Why your chief could be in office illegally: Laws rendered useless and what they cover

A chief during a past meeting. [Job Weru, Standard]

Did you know that your chief could be in office illegally?

A case filed by the Law Society of Kenya (LSK) is challenging a move by the National Assembly to pass an amendment that allows the extension of certain Acts of Parliament.

The Acts were due to expire in 2023 but Parliament can prolong their life for a period of one year.

For them to be active again, then Parliament needs to redraft the acts and update them after getting views from different stakeholders including the public.

Among them is the Chiefs’ Act which commenced in 1937, and gave birth to chiefs and assistant chiefs.

Their role is to “maintain order in the area in respect of which he is appointed, and for such purpose, he shall have and exercise the jurisdiction and powers by this Act conferred upon him over persons residing or being within such area.”

According to the Act, a chief can employ persons to assist him in carrying out duties imposed on him by the act.

They are required to put measures prevent the commission of a crime by anyone in their jurisdiction and if unable to prevent it, they should order the arrest of the individual.

Also, they are required to order the arrest of a person who has committed a crime and if they get information that stolen property is within their jurisdiction, they shall arrest the person, seize the property and report it.

Another role is to prohibit the consumption of liquor, holding of drinks bouts, the cultivation of poisonous plants, carrying of arms, and acts that may cause riots.

They are also charged with preventing the pollution of water streams, regulating the cutting of trees and preventing the spread of diseases,

Chiefs are further required to destroy locusts, prevent anything that may cause damage to works constructed for the benefit of society and require proper burial of the deceased.

Another piece of legislation is the Witchcraft Act which was enacted by Kenya’s colonial masters in 1925 commencing the same year but has been revised several times.

“Any person who holds himself out as a witchdoctor able to cause fear, annoyance or injury to another in mind, person or property, or who pretends to exercise any kind of supernatural power, witchcraft, sorcery or enchantment calculated to cause such fear, annoyance or injury,” reads the Act.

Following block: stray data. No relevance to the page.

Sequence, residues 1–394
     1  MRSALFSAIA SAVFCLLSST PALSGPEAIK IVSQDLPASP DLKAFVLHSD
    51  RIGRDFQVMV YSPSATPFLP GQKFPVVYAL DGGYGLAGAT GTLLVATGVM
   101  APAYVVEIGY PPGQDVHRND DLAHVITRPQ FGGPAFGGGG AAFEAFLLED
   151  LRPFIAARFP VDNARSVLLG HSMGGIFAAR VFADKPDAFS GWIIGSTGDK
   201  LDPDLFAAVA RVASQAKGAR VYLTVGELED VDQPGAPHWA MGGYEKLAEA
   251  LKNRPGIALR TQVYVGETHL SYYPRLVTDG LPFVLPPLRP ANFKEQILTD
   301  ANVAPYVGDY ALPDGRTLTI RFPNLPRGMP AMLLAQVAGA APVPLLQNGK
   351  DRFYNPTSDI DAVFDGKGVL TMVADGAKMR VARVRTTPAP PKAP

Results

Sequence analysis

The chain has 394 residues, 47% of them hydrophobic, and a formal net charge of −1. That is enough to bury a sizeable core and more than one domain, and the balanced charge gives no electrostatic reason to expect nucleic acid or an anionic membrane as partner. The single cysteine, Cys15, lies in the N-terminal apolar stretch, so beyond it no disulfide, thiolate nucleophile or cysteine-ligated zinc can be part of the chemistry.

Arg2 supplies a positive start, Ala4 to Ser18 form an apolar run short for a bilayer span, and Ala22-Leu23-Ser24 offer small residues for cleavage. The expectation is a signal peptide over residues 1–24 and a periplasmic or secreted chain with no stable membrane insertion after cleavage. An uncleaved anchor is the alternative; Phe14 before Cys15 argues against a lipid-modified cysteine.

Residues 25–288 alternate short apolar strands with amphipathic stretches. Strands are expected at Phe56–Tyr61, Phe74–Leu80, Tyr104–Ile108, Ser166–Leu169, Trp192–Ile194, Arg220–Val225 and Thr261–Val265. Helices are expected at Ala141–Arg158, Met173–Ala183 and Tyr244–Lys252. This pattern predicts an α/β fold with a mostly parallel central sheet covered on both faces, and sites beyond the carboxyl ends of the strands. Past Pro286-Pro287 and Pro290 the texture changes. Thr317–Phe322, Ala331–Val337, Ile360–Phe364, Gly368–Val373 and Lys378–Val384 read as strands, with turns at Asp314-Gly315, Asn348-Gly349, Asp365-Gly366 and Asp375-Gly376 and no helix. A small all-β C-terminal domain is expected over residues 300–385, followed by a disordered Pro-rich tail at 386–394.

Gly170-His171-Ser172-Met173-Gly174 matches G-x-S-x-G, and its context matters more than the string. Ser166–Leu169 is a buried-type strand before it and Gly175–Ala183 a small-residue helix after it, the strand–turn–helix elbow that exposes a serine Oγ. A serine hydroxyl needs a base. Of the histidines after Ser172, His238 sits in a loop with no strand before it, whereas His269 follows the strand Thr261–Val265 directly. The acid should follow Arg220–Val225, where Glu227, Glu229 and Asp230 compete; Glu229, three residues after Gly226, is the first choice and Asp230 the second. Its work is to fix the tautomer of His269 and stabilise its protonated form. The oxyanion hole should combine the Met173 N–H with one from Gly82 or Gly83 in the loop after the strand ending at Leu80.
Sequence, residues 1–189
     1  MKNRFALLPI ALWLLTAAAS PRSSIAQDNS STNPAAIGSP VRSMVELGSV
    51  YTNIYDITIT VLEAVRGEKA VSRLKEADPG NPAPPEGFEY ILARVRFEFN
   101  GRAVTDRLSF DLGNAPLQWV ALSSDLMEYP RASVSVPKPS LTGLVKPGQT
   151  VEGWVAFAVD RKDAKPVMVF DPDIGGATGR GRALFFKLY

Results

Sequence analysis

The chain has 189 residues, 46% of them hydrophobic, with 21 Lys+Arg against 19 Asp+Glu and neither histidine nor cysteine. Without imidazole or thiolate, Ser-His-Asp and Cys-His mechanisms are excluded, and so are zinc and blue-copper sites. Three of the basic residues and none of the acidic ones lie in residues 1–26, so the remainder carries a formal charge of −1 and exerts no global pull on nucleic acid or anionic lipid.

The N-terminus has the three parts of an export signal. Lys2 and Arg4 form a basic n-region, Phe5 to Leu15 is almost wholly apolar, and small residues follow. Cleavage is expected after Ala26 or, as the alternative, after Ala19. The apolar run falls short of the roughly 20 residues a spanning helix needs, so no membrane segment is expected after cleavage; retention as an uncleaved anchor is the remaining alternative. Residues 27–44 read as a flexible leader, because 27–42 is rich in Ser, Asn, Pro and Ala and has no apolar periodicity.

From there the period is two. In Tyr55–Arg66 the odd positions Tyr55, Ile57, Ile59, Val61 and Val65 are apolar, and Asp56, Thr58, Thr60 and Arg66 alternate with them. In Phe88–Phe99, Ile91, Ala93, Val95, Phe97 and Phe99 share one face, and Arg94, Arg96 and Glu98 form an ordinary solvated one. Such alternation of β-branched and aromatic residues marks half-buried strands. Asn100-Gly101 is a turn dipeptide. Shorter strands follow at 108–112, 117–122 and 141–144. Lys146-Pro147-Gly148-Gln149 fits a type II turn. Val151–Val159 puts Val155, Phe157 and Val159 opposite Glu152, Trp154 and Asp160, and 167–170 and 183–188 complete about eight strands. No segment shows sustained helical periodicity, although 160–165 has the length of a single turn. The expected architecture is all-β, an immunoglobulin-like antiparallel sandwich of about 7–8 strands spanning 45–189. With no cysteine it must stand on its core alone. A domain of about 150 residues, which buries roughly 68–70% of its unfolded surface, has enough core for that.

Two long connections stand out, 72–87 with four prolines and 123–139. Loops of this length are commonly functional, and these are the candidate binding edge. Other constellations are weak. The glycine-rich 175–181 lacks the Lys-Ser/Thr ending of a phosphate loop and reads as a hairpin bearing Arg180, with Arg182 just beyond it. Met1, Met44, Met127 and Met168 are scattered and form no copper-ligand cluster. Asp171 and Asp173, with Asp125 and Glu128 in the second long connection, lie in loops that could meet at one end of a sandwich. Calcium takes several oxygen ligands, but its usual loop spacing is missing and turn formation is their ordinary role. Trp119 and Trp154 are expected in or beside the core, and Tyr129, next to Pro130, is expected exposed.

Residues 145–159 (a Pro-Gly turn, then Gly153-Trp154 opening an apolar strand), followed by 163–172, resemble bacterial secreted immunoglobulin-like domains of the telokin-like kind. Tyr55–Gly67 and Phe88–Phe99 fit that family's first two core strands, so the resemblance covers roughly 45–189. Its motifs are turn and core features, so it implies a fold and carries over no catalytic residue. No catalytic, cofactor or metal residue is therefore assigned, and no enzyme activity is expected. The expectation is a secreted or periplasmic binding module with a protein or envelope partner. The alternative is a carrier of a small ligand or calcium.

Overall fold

The jail term for anyone found guilty of a range of offences under the act may attract a jail term not exceeding 10 years.

Another law is the Protection of Aircraft Act, which was assented to in 1970 and commenced two years later.

It was put in place to give effect to provisions of the Tokyo Convention on offences and other acts committed on board an aircraft and the Hague Convention for the suppression of unlawful seizure of aircraft.

It was also to give effect to the Montreal Convention for the suppression of unlawful acts against the safety of civil aviation, and for other matters connected therewith and incidental thereto.

It says that anyone who hijacks a plane whether in Kenya or elsewhere shall jailed for life.

Among the crimes listed in the Act are assault, destruction and damage of an aircraft, placing anything likely to destroy the aircraft and endangering the safety of the aircraft by supplying false information. Such offences attract a jail term not exceeding 14 years.

Another is the Methylated Spirits Act, which commenced in 1959.

It provides that rules for the formula of compliance shall be made and drafted by the Cabinet Secretary.

If one supplies or keeps for sale without following the law or receives or possesses, any spirits as or purporting to be methylated spirits not in line with the formula by the CS, is guilty of an offence.

Application for licenses ought to have been made to the licensing officer specifying where the sale will take place and the applicant ought to declare whether they have ever been convicted for violating liquor laws.

If found guilty of giving false information, one shall be fined a fine not exceeding Sh5,000.

The licences would be in place for a period of three years.

Another is the Betting, Lotteries and Gaming Act which was assented to on March 11, 1966.

It says that a person who bets in unlicensed premises would be fined an amount not exceeding Sh5,000, jailed for a term not exceeding six months or both.

Unlicensed bookmakers carrying out business not in line with the Act if found guilty would be fined an amount not exceeding Sh10,000, jailed for a term not exceeding one year or both.

It does not, however, apply to the employee of a person issued with a license during their term of employment.